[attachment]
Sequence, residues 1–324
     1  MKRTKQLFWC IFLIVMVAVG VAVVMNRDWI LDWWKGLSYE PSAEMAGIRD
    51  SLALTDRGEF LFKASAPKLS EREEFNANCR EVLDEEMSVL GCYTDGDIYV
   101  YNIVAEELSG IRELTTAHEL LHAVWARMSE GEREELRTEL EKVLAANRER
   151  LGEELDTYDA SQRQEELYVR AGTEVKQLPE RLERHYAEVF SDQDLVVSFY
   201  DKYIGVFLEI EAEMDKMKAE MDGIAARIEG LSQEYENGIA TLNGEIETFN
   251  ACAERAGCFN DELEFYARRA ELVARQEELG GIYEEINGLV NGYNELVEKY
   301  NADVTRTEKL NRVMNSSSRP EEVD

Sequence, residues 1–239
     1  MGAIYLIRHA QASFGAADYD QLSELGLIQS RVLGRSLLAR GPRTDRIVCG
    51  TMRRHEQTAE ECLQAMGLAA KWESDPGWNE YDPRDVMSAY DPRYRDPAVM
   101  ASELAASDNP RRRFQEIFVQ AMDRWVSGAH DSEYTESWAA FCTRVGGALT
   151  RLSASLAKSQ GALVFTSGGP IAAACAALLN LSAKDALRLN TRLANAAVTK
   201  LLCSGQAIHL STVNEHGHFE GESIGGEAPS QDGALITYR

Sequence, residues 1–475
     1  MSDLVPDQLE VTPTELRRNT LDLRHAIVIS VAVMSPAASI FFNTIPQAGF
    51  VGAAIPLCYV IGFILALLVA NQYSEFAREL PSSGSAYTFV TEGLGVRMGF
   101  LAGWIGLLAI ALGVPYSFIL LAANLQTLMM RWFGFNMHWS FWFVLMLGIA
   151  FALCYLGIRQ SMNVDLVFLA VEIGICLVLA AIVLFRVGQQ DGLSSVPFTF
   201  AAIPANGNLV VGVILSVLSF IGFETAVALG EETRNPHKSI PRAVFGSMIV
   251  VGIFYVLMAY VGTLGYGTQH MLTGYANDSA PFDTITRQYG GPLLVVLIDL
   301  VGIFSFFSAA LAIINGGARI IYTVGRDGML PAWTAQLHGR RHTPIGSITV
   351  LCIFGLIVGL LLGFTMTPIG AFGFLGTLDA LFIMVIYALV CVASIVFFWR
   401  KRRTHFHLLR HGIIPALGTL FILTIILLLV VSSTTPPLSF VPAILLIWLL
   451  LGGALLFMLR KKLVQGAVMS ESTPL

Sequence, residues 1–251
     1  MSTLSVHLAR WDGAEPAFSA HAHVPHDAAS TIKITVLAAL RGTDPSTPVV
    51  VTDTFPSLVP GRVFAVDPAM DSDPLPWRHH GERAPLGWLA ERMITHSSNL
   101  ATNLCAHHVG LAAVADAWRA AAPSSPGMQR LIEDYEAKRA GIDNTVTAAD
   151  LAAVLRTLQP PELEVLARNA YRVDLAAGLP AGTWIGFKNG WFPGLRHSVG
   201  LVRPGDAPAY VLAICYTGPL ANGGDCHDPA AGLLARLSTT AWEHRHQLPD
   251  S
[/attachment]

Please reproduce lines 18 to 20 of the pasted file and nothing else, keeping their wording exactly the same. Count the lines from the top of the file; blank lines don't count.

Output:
   101  LAGWIGLLAI ALGVPYSFIL LAANLQTLMM RWFGFNMHWS FWFVLMLGIA
   151  FALCYLGIRQ SMNVDLVFLA VEIGICLVLA AIVLFRVGQQ DGLSSVPFTF
   201  AAIPANGNLV VGVILSVLSF IGFETAVALG EETRNPHKSI PRAVFGSMIV